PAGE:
Sykes On ‘How The Right Lost Its Mind’
Former talk show host talks up his new book, stresses he's still a conservative.
It has been nine months since Charlie Sykes’ voice went silent on the local airwaves.
But the veteran political commentator known for his conservative bent has not stopped speaking his mind and making headlines. In fact, one could argue he has made more headlines as he has expanded his sphere of influence on a national scale.
Sykes, who hosted his morning show on WTMJ-AM 620 for multiple decades, left the local radio scene with a splash. In his last year on the air, he routinely blasted then-candidate Donald Trump.
He also made waves when he joined the “Never Trump movement” even after the now-president was named the Republican Party’s nominee at last year’s convention.
Since leaving WTMJ in December, Sykes has popped up in some prominent places — including MSNBC, the National Review, New York Times and Wall Street Journal. He also has authored a book, “How the Right Lost its Mind,” which is due out Oct. 3.
On Tuesday, Sykes chatted with another broadcast veteran, Mike Gousha, for the latter’s On the Issues series at Marquette University. The two Milwaukee media figures delved into a range of political issues and looked into the rearview mirror at last year’s unprecedented campaign season.
Sykes, who was raked over the coals by many of his longtime listeners for refusing to back Trump, said he did not regret taking such a stance. He also adamantly asserted he still considers himself a conservative.
“I am saying exactly the same thing now that I said two years ago (at WTMJ),” Sykes said. “I haven’t changed anything.”
Immediately after retiring from his daily radio gig, Sykes did raise eyebrows on both sides of the political isle when he announced he was serving as a political commentator on MSNBC, oftentimes viewed as the polar opposite of Fox News.
During the Q-and-A, Gousha jokingly asked, “Doesn’t it feel like you’re sleeping with the enemy?”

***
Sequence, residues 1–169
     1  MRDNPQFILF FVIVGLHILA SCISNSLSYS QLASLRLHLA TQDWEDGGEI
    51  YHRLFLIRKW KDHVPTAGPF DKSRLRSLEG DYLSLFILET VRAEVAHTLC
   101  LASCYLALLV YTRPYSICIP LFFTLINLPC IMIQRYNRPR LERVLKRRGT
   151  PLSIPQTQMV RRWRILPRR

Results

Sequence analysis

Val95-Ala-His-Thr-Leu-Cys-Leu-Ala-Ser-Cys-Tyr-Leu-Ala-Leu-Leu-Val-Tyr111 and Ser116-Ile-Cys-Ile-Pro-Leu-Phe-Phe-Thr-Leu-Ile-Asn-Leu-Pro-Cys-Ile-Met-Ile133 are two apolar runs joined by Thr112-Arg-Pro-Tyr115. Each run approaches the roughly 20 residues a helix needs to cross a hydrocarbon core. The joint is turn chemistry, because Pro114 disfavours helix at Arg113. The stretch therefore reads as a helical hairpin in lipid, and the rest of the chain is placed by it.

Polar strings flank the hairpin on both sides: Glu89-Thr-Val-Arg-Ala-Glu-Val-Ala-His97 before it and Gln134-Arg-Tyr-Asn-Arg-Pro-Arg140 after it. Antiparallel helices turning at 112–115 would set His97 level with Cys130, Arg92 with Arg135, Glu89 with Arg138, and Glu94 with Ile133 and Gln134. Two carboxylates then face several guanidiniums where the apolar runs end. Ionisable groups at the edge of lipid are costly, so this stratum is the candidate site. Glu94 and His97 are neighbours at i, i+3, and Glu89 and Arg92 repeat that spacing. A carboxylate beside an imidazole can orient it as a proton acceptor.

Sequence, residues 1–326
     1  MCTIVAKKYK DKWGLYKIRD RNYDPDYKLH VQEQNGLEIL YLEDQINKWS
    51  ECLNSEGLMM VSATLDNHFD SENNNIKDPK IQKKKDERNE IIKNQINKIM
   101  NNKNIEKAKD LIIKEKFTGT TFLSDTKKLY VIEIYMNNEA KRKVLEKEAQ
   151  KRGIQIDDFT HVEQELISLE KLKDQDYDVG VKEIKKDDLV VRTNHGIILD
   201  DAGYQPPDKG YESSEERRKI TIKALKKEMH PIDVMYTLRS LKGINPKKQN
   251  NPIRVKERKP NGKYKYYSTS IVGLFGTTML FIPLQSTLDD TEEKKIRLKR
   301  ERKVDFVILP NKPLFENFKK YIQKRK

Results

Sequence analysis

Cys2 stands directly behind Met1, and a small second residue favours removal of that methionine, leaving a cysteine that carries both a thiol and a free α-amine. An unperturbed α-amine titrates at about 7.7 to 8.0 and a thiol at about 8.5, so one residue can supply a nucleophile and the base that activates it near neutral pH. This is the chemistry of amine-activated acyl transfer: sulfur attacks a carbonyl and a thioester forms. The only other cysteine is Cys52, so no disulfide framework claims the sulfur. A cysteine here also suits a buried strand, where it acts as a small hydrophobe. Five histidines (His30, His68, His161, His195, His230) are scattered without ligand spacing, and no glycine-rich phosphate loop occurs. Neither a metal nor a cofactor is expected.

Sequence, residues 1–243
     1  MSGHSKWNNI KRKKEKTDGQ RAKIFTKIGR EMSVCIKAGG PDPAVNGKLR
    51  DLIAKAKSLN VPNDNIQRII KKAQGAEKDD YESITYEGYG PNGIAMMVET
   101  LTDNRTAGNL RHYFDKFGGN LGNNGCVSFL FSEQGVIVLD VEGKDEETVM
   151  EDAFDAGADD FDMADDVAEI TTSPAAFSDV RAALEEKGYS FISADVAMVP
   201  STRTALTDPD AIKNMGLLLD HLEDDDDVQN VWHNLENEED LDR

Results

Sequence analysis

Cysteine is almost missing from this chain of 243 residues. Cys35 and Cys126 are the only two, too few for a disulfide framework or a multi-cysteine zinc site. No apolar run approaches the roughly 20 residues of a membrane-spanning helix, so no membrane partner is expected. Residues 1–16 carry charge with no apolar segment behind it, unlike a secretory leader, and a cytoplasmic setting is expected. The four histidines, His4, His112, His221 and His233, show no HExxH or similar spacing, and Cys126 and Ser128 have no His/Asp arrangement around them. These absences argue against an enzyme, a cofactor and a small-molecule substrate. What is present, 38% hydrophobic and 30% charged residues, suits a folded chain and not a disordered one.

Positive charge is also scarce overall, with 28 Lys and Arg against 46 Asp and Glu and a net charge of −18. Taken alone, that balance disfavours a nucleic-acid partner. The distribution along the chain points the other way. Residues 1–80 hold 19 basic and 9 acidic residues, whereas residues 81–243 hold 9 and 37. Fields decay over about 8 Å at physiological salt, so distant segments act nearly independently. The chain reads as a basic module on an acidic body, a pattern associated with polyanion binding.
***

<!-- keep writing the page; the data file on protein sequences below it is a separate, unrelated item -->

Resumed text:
He might appear on left-leaning — or, at least left friendly — outlets, but Sykes said he openly and freely shares his conservative viewpoint on any number of issues.
“No one has ever asked me to say something I don’t believe,” Sykes said. “I feel very liberated not being part of the tribe.”
That liberation has resulted in more offers in surprising places. Gousha, for instance, pressed Sykes on actor and outspoken liberal Rob Reiner’s offer to have Sykes serve on a committee investigating possible Russian involvement in the election.
Sykes said he initially was hesitant to serve on the panel. Recounting his initial reaction to Reiner’s overture, Sykes said, “OK, this is weird. (Reiner and I) agree on probably nothing.”
At the end of the day, however, Sykes said he did agree to join. “This is not a left-wing issue. It’s something you ought to care about.”
“Something changed in 2016,” Sykes said of attempts to dispel untrue information. “It became harder and harder to push back. There are no more referees.”
When such venerable, well-resourced news institutions as the New York Times and Washington Post and routinely put through the ringer, Sykes said, “Clearly, something has shifted in American media culture.”
But Sykes said he does not lay all of the blame at the alt-right or alt-left movements. The established media institutions “need to ask some tough questions of themselves,” he said. “What have they done to squander their own credibility?”
The very basic core principles of democracy are at a turning point, Sykes said, which is a theme he weaves throughout his new book.
“This is a moment where (democracy) is being tested,” he said. “It’s being tested in a big way.”